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Celebrating the Life

Chemistry Building, 1931-



The Chemistry Department has been located in the building now known as Welch Hall since 1931, when the first part of the new Chemistry Building was completed.

Chemistry Building, 1943
The Chemistry Building in 1943, seen from the Tower (looking northeast after a rare snowfall). The Physics Building (now Painter Hall) is on the lower left; part of Taylor Hall is across Speedway to the right. The empty lot at top is where RLM, Patterson, and Woolrich Halls now stand.

lantern detail The original five-story, E-shaped portion of the building, located along 24th Street at the corner of Speedway, was designed by Herbert Greene and erected from 1929-31. [See also the Greene Exhibit] Paul Cret -- the newly hired supervising architect of the UT campus -- was consulting architect. The Mediterranean Renaissance exterior style matched that of other buildings in the area. While not quite as striking as other Cret-era buildings such as Gearing (Home Economics) and W.C. Hogg, the future Welch Hall had some interesting features:
  • Names of famous early chemists are inscribed in panels running around the 5th floor exterior.
  • The Gothic outside lamps were copies of those found on the Strozzi Palace in Florence, Italy.
  • The only rooms of any decorative interest are the lecture hall on the ground (now 2nd) floor (room 2.122), which has a painted beam ceiling; and the "Old Library" in 4.132, originally the Chemistry Library's reading room.

The interior was meant to be a state-of-the-art facility for chemistry: Professor W.A. Felsing travelled all over the country touring other labs to get ideas for the new building's practical layout and features. Every lab had direct pipes for natural gas, steam, distilled water, and compressed air. A ventilation system changed the air in every room four times an hour. The chemical engineering room even had a traveling crane. When completed in 1931, it cost over $900,000, at that time the most expensive building on campus. It was also one of the largest academic buildings on campus, second only to Old Main. The original wing was renovated in 1980-81 and 1986-88, modernizing its fixtures and systems.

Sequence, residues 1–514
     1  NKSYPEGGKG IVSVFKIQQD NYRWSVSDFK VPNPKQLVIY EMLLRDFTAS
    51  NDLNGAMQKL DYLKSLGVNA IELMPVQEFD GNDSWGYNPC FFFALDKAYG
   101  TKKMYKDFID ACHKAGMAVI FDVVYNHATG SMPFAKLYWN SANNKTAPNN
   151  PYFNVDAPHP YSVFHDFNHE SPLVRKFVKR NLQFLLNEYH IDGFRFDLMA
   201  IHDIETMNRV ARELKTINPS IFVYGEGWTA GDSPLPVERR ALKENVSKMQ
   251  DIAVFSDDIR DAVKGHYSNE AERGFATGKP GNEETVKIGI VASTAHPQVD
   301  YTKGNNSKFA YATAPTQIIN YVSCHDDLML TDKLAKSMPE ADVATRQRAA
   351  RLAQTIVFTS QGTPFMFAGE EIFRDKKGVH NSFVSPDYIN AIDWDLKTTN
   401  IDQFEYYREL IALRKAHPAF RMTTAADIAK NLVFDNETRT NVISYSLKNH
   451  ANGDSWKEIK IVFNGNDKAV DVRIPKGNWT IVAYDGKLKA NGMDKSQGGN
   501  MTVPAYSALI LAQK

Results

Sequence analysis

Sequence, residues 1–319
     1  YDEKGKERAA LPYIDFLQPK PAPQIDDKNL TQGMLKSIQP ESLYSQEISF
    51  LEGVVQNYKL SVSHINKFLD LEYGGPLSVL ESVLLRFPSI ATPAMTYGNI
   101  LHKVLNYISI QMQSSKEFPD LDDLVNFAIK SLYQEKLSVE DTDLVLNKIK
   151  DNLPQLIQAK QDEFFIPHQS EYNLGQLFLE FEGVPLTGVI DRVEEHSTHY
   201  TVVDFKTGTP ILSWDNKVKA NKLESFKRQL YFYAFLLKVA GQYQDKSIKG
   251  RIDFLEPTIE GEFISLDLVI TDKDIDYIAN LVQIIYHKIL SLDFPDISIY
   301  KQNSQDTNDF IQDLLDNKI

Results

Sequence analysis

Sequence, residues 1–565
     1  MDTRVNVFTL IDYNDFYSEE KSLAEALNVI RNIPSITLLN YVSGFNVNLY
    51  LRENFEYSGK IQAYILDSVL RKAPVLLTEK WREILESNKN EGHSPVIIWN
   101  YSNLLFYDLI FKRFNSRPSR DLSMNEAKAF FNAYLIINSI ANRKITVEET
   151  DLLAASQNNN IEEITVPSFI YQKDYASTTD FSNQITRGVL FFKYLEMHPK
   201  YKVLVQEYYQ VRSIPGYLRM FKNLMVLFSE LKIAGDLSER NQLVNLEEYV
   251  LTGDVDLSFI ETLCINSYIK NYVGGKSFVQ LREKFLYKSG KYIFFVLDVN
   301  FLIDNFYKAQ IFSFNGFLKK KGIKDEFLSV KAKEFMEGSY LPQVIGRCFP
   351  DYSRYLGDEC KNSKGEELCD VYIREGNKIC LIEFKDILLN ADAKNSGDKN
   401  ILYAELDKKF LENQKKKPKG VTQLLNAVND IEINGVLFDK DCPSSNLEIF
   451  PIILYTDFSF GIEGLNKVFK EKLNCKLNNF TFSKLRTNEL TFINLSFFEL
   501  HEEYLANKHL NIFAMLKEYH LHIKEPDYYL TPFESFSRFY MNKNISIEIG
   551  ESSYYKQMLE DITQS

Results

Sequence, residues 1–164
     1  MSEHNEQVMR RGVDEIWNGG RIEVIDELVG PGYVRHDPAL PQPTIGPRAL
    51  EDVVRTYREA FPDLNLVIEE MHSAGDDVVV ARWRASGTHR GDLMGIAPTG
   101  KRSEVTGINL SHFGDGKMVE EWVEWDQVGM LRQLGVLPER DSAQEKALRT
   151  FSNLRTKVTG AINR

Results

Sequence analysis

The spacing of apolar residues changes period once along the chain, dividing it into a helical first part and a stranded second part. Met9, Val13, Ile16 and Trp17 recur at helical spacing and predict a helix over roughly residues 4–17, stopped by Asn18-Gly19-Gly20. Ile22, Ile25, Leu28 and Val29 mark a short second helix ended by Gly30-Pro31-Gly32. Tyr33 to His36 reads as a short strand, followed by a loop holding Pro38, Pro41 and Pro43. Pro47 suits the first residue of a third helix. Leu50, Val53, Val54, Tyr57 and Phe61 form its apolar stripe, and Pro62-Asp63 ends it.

The Chemistry Building received a new west wing in 1960-61, which added 42,000 square feet to the department. This wing is architecturally very sterile, and paid scant attention to the Mediterranean flavor of its older neighbors. A major fire occurred on the fifth floor of this wing in October 1996 (almost exactly 70 years to the day after the Old Laboratory burned), and a renovation project was completed in 1999. This renovation included a building-wide sprinkler system and added a two-story "penthouse" to the West Wing, which houses the air handling system for the entire building.

The 1978 addition, which added 247,000 square feet to the building, extends south along Speedway. This wing formed a new patio enclosed by all three wings of the building, under which the new Chemistry Library was constructed. Large university auditoriums are located on the ground floor of the newest wing. Greenhouses are located on the roof of the center section. The 1978 addition cost over $20 million and made the Chemistry Dept. the largest on campus in terms of floor space.

In 1974 the Chemistry Building was renamed Welch Hall in honor of Houston oilman and philanthropist Robert Alonzo Welch (1872-1952). [4]

Welch north door Welch east side loggia Welch Lecture Hall exterior door
Left: North door detail; Center: East side Loggia, 1978 wing; Right: Exterior Lecture Hall door detail